## The Associative Property

In mathematics there is an associative property. It’s a law, which means it has the legitimate value (the property) of pure logic.

Naturally, no matter how you group the numbers in an equation (no matter where you put the parentheses, for example) the identity of the equation (its sum value) is the same. The whole naturally associates with the parts by logical condition.

As a practical matter, the logic is the same in politics. You’re free to associate with any party you want. Naturally, you associate because you share the same properties that identify with the sum of your group. When the party diverges from the identity of its members there is a strict (purely logical) violation of the law–the associative property.

Violation of the natural law is what we have with “superdelegates.”

Remember that our republican form of government derives from a natural-law (Constitutional) identity element. By nature (yielding to the law–the utility–that governs a strict interpretation by the numbers, or the empirical value) “We” are all free to associate. (Like Hobbes told the king: the more you try and suppress the associative property the stronger it becomes, which means it has an additive identity. The risk associated with the useful value–the utility of “the property,” or its proprietary risk value–accumulates, which is the gamma-risk dimension I write about.) By suppressing its natural identity, the liability associated with the property is so huge that it can’t be ignored, but it can have an interpretation that misattributes the value.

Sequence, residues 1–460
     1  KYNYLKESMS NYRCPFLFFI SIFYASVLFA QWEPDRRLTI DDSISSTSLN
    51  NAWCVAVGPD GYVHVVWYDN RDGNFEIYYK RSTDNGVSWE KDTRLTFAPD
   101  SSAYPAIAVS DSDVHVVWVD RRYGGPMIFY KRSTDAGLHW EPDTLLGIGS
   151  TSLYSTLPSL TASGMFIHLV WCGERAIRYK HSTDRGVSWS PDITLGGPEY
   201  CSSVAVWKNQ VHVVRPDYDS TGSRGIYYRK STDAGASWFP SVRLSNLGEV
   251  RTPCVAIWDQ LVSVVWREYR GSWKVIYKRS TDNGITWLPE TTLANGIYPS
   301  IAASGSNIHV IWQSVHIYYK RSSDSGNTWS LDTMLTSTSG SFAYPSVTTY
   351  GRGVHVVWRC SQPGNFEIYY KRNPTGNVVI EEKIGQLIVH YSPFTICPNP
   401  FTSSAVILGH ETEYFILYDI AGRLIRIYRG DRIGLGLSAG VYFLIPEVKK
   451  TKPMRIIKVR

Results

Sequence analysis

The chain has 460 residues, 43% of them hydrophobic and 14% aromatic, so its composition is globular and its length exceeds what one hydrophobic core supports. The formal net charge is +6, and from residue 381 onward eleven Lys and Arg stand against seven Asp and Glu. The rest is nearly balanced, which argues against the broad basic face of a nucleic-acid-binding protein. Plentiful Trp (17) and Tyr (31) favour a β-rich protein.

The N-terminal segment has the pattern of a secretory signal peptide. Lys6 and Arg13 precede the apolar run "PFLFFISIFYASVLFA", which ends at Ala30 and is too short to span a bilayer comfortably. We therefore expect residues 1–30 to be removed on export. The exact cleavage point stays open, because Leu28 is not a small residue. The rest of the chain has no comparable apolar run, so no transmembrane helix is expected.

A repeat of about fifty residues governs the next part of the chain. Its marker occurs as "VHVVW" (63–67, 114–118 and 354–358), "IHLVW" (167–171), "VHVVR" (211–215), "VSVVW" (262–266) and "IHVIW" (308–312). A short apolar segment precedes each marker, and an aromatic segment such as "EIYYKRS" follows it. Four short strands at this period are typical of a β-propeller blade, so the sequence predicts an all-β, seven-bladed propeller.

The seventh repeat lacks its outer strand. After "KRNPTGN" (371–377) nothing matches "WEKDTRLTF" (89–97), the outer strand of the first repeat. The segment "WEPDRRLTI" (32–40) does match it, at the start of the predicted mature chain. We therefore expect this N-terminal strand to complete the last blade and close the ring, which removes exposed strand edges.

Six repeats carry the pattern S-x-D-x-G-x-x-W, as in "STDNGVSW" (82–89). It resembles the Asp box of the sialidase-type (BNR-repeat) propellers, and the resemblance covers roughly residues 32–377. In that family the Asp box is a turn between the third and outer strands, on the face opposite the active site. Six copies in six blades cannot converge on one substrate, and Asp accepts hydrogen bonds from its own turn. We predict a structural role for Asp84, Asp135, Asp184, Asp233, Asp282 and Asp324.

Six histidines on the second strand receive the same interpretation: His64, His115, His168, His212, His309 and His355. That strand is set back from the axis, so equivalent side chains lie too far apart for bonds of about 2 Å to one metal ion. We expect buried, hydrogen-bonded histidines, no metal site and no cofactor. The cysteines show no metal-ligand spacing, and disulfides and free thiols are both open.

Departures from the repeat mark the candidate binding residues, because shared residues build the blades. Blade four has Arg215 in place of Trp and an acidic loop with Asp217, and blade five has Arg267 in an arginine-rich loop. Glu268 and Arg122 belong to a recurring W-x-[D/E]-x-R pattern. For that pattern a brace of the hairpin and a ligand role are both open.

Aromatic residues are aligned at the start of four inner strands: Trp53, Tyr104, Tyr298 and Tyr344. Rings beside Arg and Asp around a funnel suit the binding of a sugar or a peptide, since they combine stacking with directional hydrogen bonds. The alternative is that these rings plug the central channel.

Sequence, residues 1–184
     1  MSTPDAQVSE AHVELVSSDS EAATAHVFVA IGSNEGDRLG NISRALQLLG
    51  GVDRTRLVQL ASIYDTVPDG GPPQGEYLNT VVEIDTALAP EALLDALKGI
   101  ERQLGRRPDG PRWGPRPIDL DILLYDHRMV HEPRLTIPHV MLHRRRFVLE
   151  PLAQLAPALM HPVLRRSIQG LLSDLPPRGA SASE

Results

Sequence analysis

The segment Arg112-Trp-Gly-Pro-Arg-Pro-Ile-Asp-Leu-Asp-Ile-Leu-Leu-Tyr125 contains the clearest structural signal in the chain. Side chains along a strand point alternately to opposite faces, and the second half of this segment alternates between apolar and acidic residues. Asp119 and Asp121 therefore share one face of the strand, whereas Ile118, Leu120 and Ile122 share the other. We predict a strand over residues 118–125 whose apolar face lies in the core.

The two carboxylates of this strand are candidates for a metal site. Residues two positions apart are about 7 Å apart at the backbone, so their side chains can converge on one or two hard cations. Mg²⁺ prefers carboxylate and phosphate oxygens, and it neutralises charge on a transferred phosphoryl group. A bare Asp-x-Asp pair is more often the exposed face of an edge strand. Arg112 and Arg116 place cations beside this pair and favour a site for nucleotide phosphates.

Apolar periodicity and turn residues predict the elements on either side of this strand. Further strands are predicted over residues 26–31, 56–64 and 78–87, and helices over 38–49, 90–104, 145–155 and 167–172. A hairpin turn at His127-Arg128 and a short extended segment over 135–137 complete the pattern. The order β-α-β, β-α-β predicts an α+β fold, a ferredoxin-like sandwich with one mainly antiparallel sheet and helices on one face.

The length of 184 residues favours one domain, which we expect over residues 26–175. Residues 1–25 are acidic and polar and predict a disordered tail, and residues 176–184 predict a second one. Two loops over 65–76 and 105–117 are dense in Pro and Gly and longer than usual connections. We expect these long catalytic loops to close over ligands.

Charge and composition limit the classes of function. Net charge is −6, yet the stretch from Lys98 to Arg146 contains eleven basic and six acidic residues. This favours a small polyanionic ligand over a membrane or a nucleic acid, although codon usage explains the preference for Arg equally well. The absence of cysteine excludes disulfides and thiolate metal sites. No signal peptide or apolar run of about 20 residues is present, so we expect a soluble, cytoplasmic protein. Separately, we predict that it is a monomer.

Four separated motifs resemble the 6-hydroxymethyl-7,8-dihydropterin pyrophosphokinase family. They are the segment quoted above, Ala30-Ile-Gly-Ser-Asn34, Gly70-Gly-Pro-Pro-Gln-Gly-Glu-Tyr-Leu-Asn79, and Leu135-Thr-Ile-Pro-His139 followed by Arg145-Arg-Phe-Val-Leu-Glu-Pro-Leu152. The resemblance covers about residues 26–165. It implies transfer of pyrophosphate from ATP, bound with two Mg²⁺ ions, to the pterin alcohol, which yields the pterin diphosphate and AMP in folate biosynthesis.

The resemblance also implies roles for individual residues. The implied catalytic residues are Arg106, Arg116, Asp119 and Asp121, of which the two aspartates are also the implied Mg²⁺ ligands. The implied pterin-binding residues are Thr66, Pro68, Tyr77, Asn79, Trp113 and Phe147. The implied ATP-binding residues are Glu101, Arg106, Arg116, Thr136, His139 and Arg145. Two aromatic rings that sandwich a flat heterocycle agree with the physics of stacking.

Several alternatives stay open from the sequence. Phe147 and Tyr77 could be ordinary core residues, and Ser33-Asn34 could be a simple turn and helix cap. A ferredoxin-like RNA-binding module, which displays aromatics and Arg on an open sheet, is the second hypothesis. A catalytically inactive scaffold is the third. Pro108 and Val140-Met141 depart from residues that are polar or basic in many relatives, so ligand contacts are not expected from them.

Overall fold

When it comes to the legitimacy (the utility) of the popular vote, superdelegates are nothing but unnatural. The argument is that this elite authority is a natural element of the republican form. The logic of the legitimacy (its utility, as a practical matter), however, is the same. It’s The Law! (Its coercive value is equivalent. It has ECV-symmetry. It derives no matter what!)

The use of superdelgates is a disassociative property, from which will emerge (derive) a newly associative value (a measurable difference) that properly identifies (more closely approximates) the parts with the measurable whole, which is naturally determined (utilized) on demand.